What is better proof of original thinking than creating the ultimate management metaphor?
A shining example, for me, is the ‘black swan’. The black swan was introduced by Nassim Nicholas Taleb in his bestselling book1 of the same name.
Up to about the year 1600, no European had ever seen a swan of any color other than white. White had thus become an inalienable attribute of the swan.
When Westerners started to explore other parts of the world, they encountered the black swan; an indigenous animal in Australia. This was a huge shock. The hypothesis that white was an attribute of a swan had to be revised.
Forced change causes pain; embedded beliefs have to be reviewed. After all, if you have never seen a black swan, you will forcefully deny that a black swan can exist. You rate such existence as highly improbable if not downright impossible.
Here enters Taleb. He postulates that what we perceive to be highly improbable or even impossible – like seeing a black swan when you don’t know one exists – is much less improbable than our mind tells us it is. As so often happens, we fool ourselves. A black swan is not fundamentally unpredictable, it is only unpredictable when we allow our minds to be closed to the possibility.
Upon seeing the black swan, the 17th-century Western explorers experienced a rare event. The event has at least four attributes:
– Is objectively improbable.
– Is, however, far less improbable than our mind makes us believe.
– May have a high impact.
– Looks unimaginable.
The latter is only true because our past experiences do not offer us cues on this event being possible. Our mind has its limits. Human minds don’t naturally tend to question that our vivid experiences are the truth, the whole truth and nothing but the truth. What we see, however, is rarely all there is.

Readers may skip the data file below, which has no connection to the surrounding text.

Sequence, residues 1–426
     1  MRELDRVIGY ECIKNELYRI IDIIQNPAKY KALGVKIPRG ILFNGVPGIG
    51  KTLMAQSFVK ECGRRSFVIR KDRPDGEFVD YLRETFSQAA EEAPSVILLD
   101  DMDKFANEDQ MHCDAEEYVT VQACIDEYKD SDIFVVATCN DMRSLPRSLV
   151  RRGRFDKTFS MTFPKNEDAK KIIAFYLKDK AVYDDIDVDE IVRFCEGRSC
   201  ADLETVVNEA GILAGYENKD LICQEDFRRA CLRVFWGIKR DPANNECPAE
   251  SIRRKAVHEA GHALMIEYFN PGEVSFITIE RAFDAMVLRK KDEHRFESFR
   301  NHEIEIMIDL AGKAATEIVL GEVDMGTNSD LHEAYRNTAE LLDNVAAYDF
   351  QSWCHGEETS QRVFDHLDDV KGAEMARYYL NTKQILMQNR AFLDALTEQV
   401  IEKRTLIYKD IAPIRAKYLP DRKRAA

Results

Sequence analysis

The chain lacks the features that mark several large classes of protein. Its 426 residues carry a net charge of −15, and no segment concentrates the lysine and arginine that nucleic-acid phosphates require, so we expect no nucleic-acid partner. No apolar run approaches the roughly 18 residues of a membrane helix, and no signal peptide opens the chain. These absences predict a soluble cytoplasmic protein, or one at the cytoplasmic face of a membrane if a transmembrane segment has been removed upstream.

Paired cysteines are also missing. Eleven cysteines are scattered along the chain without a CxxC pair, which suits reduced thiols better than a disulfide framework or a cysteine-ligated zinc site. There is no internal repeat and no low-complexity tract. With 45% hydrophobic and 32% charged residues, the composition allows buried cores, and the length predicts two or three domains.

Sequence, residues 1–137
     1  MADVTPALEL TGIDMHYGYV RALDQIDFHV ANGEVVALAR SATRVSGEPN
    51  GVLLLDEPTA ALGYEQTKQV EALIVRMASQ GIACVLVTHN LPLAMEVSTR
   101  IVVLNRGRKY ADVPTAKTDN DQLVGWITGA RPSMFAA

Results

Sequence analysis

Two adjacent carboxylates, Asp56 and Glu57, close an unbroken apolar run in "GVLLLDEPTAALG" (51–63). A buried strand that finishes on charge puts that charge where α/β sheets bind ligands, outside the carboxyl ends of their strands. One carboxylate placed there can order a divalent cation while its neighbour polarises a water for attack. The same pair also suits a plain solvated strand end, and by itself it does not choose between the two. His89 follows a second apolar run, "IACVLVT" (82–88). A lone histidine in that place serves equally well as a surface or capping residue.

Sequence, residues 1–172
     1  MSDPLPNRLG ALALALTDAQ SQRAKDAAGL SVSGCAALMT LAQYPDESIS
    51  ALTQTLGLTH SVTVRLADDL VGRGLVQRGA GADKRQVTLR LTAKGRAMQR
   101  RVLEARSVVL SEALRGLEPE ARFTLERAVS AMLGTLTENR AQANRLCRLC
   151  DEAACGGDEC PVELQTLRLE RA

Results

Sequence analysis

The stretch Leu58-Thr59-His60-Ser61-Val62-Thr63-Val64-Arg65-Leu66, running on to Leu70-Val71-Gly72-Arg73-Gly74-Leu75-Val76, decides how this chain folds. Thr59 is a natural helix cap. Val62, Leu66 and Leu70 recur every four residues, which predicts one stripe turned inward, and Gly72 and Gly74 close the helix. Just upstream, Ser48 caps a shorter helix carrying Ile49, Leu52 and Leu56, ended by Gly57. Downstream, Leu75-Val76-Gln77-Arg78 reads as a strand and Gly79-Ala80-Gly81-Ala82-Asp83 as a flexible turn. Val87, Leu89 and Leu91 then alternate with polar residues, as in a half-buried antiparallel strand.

The black swan is a blessing to me in my strategy work. It offers a metaphor-with-meaning for me to use to my management.
It is now possible to make a statement like: our prediction of the Brent oil price for the next six to nine months is only valid when no black swan events happen. In such statement the words ‘black swan’ function as an understood and accepted disclaimer. The words show that in our forecast we indicate not to have included what is unimaginable to us. But they also hint that unimaginable things do exist. Hence the words ‘black swan’ convey the whole concept.
By default we underestimate the probability of the occurrence of a high-impact event. This is not a problem as such but in strategy you have to be aware of it. It implies that there is just a bit more reason for caution than you might naturally think.
Reflecting on black swans, it seems that behind every black swan hides a form of self-deception. Let us call this the silent assumption2. Silent assumptions not only relate to black swans, they may more broadly affect the quality of our logic. By implication they often also affect the quality of our (business) decision-making.
Silent assumptions are generally the result of sloppy thinking. In the black swan metaphor it is easy to see what the silent assumption is. It is hard to assume that swans are any other colour than white when you have never seen one. The silent assumption thus is that ‘all swans are white’. In our mind the attribute of the white colour is unconsciously or silently added to the swan.